What is an IPO’s Cut-Off Price?

What is an IPO’s Cut-Off Price?

An investor may be aware of an Initial Public Offering (IPO) and its value, but he or she may not be aware of the full scope of the offering. The cut-off price is one of the most important aspects of an IPO.

In an Initial Public Offering, what is the cut-off price?

A cut-off price is the price at which shares are issued to investors, which can be a confusing concept for someone who is new to the stock market.

A price range, which contains both a minimum and a maximum price, is the starting point for an IPO book-building problem. At a price that is within the approved range, an investor can bid for the desired quantity in multiples of the lot size.

There are two forms of initial public offering (IPO) pricing.

In India, there are two types of pricing systems for initial public offerings. Let us break it down for you so you can see how much the cut-off price is.

Mechanism with a Predetermined Cost

The IPO price is determined in advance by the firm under a fixed-price system. It allows the general public to participate in the initial public offering (IPO). This system declares the whole details of investors belonging to various groups on the day of the issuance. There is no way to predict demand for shares before the issuance date using this method.

If the company opts for a Fixed-Price Mechanism IPO, SEBI laws require it to set aside 50% of the total shares for retail investors.

Book Building Method

The IPO price is not set when the book-building mechanism begins. When a company goes public, it announces pricing ranges. Investors submit bids based on a price range that falls between these bands.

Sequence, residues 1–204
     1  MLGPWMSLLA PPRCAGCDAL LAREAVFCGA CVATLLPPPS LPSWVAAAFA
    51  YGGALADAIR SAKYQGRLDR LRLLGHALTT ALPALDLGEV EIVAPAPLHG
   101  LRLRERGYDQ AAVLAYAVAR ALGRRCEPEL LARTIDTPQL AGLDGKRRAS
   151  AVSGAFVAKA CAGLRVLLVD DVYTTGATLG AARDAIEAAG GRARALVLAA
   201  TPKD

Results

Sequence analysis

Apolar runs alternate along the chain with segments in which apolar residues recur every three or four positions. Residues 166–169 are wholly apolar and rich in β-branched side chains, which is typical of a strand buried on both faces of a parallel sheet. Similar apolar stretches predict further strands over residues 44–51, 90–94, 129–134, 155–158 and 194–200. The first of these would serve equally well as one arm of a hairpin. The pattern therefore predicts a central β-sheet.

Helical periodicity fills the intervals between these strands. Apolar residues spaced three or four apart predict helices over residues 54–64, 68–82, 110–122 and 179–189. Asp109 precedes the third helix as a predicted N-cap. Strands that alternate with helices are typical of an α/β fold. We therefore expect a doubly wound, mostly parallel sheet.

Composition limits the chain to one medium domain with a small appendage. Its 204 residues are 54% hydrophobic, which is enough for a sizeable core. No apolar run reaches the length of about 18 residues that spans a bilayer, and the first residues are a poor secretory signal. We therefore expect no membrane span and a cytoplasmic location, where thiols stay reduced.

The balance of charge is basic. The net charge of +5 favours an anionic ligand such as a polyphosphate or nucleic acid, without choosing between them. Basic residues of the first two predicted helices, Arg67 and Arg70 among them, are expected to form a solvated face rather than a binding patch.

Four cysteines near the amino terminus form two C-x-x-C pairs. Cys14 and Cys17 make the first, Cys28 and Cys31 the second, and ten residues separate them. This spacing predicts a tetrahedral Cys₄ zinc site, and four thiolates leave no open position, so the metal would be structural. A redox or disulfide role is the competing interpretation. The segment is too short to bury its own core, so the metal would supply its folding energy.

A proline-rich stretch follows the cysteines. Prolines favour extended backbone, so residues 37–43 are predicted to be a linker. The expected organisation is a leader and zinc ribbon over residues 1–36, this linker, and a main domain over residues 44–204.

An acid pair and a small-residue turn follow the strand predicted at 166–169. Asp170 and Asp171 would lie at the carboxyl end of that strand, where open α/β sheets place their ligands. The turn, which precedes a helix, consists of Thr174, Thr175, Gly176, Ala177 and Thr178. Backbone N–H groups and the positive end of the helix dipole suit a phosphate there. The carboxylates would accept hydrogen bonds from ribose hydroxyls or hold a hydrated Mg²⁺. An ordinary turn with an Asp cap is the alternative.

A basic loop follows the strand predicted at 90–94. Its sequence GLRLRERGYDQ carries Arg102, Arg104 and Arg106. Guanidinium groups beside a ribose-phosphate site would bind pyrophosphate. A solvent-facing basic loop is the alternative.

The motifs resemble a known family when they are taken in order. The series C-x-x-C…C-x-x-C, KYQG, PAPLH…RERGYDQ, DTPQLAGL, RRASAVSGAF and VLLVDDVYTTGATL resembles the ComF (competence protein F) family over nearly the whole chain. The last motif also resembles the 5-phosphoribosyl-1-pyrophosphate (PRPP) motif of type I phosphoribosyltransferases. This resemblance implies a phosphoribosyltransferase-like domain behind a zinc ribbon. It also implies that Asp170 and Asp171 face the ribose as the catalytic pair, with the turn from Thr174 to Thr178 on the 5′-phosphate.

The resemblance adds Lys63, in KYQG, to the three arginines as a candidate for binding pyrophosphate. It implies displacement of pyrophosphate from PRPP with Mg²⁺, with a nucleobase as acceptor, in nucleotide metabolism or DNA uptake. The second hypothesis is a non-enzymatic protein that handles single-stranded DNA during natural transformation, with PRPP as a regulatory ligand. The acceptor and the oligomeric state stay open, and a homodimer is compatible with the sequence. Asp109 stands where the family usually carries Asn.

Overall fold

In the case of a book building approach, the issuer is expected to identify the price band or a floor price in the red herring prospectus.

The “cut off price” refers to the actual identified issue price, which could be any price within or above the floor price.

The issuer makes a judgement after reviewing the book and the demand for the shares. According to SEBI regulations, only retail individual investors are permitted to apply at the cut-off price.

Let’s have a look at an example.

If the price range for an IPO is Rs. 200 to Rs. 210, for example, you can apply for 10 shares at Rs. 205. If the decided issue price is Rs. 202, you will be given shares at Rs. 202 because you were willing to subscribe to the issue up to Rs. 205.

You would not be eligible for a share allotment if the decided issue price is Rs.206. You will be eligible for allotment at any issue price if you select cut-off.

What function does the cut-off price play in an IPO?

When an IPO’s closing date approaches, investment bankers start the price discovery process. However, because no fixed price has been specified, there are a wide range of bids at varied prices.

The final price is determined by the bankers using a weighted average of all the proposals received. The cut-off price is the final price that has been determined. In the case of popular issues with bids exceeding the number of shares on sale, the cut-off price is normally the ceiling price.

Investors who submitted bids below the cut-off price will be repaid their whole investment after the cut-off price is set, as they will not be allotted the IPO now that we have reached the final leg and the cut-off price has been set.

Those that submitted bids that were more than the cut-off price and obtained allocation will be paid the difference.

When filling out the application, if an investor wants to buy an IPO at any cost, they must select the option to buy at cut-off. This ensures that the individual is still eligible for the allocation regardless of the circumstances.


Almost all corporations employ a book-building process to determine the current market cut-off price for their shares. In the majority of situations, this method has proven to be adaptive, efficient, and effective.

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